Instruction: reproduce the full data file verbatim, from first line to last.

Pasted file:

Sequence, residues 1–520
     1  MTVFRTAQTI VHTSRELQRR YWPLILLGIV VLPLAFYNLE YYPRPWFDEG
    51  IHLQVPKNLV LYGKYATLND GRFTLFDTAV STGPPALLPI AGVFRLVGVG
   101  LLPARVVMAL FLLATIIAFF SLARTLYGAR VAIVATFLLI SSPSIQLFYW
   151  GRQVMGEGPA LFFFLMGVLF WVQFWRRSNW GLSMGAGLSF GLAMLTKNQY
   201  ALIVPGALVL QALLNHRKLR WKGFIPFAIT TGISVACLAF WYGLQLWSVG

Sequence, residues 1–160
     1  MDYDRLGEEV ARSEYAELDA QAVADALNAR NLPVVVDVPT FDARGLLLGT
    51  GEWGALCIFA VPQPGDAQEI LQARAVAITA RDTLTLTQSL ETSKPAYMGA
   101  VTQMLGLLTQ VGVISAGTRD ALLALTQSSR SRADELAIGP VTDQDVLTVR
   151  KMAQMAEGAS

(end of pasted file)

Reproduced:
Sequence, residues 1–520
     1  MTVFRTAQTI VHTSRELQRR YWPLILLGIV VLPLAFYNLE YYPRPWFDEG
    51  IHLQVPKNLV LYGKYATLND GRFTLFDTAV STGPPALLPI AGVFRLVGVG
   101  LLPARVVMAL FLLATIIAFF SLARTLYGAR VAIVATFLLI SSPSIQLFYW
   151  GRQVMGEGPA LFFFLMGVLF WVQFWRRSNW GLSMGAGLSF GLAMLTKNQY
   201  ALIVPGALVL QALLNHRKLR WKGFIPFAIT TGISVACLAF WYGLQLWSVG

Sequence, residues 1–160
     1  MDYDRLGEEV ARSEYAELDA QAVADALNAR NLPVVVDVPT FDARGLLLGT
    51  GEWGALCIFA VPQPGDAQEI LQARAVAITA RDTLTLTQSL ETSKPAYMGA
   101  VTQMLGLLTQ VGVISAGTRD ALLALTQSSR SRADELAIGP VTDQDVLTVR
   151  KMAQMAEGAS